I moved my archery target, a few days ago, from the garden, out into the woods, to gain more range and tidy up the garden. I can stand off up to seventy yards now.
That's a good long way, for a longbow, and still be able to hit reasonably accurately, although it would be nothing special for a compound bow. But I only have a recurve and a longbow, being the traditionalist I am.
Straw bales are a great arrow-stopper, although it remains to be seen if the deer will eat them.
Over the bales I have a two-foot-square hessian bag full of synthetic roofing paper, all screwed up into a fairly solid medium, inside the bag. And a nine-inch roundel marked on the front for an aiming point.
I hadn't shot an arrow in many months, but, astonishingly, my first arrow hit the bull, at about sixty yards.
This is astonishing for a number of reasons, but it is a phenomenon I have seen several times. That first arrow is, more often than not, the most accurate one of all. And why would that be?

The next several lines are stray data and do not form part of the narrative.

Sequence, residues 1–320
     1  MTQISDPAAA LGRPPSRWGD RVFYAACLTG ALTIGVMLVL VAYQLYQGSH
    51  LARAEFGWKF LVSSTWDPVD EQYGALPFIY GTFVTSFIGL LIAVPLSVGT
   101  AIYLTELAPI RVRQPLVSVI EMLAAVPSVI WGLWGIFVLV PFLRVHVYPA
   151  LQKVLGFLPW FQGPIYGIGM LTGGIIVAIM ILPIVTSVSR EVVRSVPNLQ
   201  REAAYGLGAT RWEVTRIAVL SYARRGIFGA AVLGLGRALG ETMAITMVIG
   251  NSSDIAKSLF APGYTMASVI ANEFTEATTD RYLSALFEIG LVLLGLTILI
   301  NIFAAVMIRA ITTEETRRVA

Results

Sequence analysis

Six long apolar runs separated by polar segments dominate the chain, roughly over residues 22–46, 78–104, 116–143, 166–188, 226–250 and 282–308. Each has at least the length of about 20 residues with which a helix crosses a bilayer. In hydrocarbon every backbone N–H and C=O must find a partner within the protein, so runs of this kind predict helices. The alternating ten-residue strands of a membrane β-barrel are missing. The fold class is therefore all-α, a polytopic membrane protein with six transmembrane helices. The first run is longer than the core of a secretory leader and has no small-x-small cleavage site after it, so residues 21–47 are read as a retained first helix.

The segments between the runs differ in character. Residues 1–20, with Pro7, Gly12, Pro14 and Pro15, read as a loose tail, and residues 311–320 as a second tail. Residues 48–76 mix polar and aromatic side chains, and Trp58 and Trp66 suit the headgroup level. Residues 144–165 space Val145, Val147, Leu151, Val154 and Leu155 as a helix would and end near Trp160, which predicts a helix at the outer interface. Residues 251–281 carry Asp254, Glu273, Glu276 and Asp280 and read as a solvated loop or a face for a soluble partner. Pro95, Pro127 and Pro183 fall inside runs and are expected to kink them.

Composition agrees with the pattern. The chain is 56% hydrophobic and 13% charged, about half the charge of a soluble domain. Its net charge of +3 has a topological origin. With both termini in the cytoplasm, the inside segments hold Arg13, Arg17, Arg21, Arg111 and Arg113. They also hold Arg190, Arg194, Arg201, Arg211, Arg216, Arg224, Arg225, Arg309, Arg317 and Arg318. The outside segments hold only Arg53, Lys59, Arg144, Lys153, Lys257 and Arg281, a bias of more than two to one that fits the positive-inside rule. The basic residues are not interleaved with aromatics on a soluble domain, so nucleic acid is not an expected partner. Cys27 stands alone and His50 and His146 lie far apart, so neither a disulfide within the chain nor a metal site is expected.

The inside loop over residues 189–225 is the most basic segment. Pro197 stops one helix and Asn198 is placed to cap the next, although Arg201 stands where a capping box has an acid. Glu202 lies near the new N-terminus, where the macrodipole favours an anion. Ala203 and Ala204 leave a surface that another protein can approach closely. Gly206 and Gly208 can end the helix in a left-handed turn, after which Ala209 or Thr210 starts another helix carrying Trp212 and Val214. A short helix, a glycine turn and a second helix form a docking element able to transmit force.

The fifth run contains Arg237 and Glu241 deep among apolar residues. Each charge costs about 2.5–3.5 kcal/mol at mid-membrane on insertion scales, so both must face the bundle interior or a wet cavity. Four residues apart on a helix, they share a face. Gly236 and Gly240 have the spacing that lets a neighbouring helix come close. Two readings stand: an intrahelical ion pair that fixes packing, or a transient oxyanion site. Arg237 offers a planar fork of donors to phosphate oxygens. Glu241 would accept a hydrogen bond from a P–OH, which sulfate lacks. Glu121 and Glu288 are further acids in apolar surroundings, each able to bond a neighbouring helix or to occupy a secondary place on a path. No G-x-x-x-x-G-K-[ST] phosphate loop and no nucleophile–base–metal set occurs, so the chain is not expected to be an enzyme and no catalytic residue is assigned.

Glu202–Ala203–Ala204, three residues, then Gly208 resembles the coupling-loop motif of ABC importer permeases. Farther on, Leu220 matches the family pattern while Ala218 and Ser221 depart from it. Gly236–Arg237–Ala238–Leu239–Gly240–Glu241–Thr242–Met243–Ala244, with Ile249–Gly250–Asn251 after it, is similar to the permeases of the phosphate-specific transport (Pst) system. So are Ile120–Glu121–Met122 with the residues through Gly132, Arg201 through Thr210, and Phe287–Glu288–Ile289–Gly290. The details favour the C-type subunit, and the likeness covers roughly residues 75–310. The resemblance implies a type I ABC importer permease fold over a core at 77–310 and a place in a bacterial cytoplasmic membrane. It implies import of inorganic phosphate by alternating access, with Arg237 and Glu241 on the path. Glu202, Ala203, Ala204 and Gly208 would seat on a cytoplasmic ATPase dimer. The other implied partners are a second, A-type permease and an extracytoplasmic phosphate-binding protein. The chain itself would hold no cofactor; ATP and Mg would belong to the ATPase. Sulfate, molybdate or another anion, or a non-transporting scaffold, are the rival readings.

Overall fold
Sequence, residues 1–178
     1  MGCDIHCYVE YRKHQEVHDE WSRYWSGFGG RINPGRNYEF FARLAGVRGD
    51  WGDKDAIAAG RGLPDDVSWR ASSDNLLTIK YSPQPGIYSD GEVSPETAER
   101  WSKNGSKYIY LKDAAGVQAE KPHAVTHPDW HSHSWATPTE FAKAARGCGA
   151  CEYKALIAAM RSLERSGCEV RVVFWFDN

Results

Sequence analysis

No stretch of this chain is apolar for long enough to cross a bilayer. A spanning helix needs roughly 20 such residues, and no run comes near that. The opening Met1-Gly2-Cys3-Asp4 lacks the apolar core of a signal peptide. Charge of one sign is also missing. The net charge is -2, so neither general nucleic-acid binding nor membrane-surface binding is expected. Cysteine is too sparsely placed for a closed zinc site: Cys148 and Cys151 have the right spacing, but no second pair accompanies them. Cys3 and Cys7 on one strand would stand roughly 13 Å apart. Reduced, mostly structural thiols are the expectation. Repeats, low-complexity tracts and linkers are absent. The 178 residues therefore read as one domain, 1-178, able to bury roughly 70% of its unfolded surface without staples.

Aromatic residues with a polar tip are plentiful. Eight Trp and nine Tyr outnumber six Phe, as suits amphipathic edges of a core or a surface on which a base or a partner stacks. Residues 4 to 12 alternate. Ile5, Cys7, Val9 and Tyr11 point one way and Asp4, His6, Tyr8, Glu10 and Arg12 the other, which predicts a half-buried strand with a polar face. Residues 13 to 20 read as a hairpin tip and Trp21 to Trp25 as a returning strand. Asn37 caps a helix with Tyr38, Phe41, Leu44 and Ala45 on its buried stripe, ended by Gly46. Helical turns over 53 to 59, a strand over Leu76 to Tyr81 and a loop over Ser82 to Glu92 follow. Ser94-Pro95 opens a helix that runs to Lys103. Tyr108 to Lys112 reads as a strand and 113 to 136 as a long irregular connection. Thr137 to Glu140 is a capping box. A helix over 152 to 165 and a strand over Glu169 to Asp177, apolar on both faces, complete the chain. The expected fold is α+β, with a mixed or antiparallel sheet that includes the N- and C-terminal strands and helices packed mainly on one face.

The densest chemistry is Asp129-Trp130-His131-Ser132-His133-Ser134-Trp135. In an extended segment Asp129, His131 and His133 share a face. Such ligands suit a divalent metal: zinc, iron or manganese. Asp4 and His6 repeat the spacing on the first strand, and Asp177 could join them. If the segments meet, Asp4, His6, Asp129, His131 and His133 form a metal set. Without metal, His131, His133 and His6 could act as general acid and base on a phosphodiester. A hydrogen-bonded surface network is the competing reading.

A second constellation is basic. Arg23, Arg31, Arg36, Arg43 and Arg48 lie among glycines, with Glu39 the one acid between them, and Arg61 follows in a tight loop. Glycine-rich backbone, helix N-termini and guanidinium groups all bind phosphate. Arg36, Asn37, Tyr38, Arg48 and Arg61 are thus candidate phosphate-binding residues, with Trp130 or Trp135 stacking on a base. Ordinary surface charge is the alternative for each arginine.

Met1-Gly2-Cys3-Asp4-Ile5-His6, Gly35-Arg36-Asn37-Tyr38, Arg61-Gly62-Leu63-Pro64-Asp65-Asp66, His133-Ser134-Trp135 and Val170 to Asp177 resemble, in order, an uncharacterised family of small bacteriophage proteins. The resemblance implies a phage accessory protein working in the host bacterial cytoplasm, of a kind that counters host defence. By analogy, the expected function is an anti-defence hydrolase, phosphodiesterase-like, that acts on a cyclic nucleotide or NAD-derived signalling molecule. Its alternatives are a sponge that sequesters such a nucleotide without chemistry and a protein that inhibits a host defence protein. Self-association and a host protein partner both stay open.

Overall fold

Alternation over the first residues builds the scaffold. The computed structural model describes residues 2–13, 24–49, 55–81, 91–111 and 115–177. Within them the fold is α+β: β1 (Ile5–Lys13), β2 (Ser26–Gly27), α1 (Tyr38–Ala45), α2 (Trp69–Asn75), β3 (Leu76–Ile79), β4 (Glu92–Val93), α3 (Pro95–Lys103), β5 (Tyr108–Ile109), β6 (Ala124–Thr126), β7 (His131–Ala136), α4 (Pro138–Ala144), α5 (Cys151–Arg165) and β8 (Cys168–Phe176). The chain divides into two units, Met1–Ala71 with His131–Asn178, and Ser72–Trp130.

I can only surmise that the first shot is concerned only with finding the range, elevation-wise, and by not caring where it hits, it unintentionally gets to be the best shot. I couldn't believe my eyes. The second shot was almost as accurate, about two inches right. And all following shots fell into the predictable groove of reasonably accurate, in a loose group, with one or two low misses.
Zen, at work. Dispense with desire, and unlikely results occur.